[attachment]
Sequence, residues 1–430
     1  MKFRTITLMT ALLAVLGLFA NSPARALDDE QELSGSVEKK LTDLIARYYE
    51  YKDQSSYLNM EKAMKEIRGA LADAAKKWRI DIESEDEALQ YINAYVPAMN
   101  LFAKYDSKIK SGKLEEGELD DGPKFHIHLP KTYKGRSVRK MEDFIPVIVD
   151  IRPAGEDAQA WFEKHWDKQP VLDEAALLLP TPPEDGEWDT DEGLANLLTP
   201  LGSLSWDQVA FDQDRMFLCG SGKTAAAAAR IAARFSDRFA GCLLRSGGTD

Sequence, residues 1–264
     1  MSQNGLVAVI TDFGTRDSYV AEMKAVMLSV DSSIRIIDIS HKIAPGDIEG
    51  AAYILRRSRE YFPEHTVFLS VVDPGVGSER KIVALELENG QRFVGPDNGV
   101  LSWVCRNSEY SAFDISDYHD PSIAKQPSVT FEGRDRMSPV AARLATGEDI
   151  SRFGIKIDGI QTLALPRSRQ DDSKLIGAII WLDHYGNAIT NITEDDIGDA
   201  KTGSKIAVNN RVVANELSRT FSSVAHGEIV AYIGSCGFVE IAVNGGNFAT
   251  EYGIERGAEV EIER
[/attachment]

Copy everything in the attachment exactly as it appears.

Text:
Sequence, residues 1–430
     1  MKFRTITLMT ALLAVLGLFA NSPARALDDE QELSGSVEKK LTDLIARYYE
    51  YKDQSSYLNM EKAMKEIRGA LADAAKKWRI DIESEDEALQ YINAYVPAMN
   101  LFAKYDSKIK SGKLEEGELD DGPKFHIHLP KTYKGRSVRK MEDFIPVIVD
   151  IRPAGEDAQA WFEKHWDKQP VLDEAALLLP TPPEDGEWDT DEGLANLLTP
   201  LGSLSWDQVA FDQDRMFLCG SGKTAAAAAR IAARFSDRFA GCLLRSGGTD

Sequence, residues 1–264
     1  MSQNGLVAVI TDFGTRDSYV AEMKAVMLSV DSSIRIIDIS HKIAPGDIEG
    51  AAYILRRSRE YFPEHTVFLS VVDPGVGSER KIVALELENG QRFVGPDNGV
   101  LSWVCRNSEY SAFDISDYHD PSIAKQPSVT FEGRDRMSPV AARLATGEDI
   151  SRFGIKIDGI QTLALPRSRQ DDSKLIGAII WLDHYGNAIT NITEDDIGDA
   201  KTGSKIAVNN RVVANELSRT FSSVAHGEIV AYIGSCGFVE IAVNGGNFAT
   251  EYGIERGAEV EIER